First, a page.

Thursday, December 28, 2006

New Hardware in my backyard

I finally got the computing power I need. A Dell Optiplex GX 620 does this job pretty well with its P4 HT 3.2 Ghz processor, 2 Gigs of RAM and a 150 SATA HDD along a nice enough ATI videocard broadcasting on a 19 inch Dell flat-panel. As a matter of fact I am having trouble now re-adjusting back to bigger screens after I totally got used to my 1400X1050 13" monitor on my antique IBM T22 laptop, with its tiny icons and un-readable text {for most others than me,:)}. A minus for the system: had serious trouble when I wanted to install Ubuntu on this some critical errors and finally I had to give up.
However, it will be my new base machine especially for statistical computing and imaging processing, the latter totally under-represented right now but hopefully better in the near future.

Sunday, December 17, 2006

Nu Jazz: When Jazz goes Clubbing

Lately in my ever ongoing musical evolution, lately I came across of a lot of downtempo and nu jazz music, closely related and combined in different inventive ways and means of expression. Today I'll talk about the latter.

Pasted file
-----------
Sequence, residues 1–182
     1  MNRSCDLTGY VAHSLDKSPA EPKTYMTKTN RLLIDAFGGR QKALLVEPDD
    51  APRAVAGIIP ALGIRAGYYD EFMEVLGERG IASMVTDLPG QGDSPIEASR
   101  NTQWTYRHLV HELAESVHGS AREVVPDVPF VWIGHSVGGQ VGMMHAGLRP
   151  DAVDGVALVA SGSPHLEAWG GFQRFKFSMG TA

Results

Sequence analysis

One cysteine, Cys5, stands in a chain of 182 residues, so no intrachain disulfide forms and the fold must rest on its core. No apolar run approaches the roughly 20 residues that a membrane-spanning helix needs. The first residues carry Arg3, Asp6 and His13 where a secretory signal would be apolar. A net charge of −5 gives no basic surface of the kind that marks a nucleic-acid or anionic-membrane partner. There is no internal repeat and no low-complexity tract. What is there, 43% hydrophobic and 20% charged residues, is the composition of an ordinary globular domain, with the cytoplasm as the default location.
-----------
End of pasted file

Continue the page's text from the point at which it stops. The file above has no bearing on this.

Bugge Wesseltoft,Norwegian by nationality, international by nature is a jazz musician, pianist and composer (plus a producer - own label Jazzland Records). His main projects were the New Conception of Jazz and Ragatronics, plus his solo act. I had the opportunity to listen just the first one (New Conception of Jazz 1997) but it really got under my skin. I am curious to see what else is out there..and most of all of his solo project which should be at least as revolutionary as the rest of his stuff.

Another One Bites the Dust

The Chinese River Dolphin (Lipotes vexillifer) WAS a freshwater dolphin found only in the Yangtze River in China. Other names include Baiji, Yangtze River Dolphin, Beiji, Pai-chi, Whitefin Dolphin and Yangtze Dolphin.

Although the dolphin was nicknamed "Goddess of the Yangtze" in China and efforts were made (but only to "some" extent?) to conserve the species, the population declined drastically in recent decades. It was declared "functionally extinct" after an expedition in late 2006 failed to find any in the river.
Time Evolution: (wikipedia)
* circa 3rd century BC: population estimated at 5,000 animals
* 1950s: population was estimated at 6,000 animals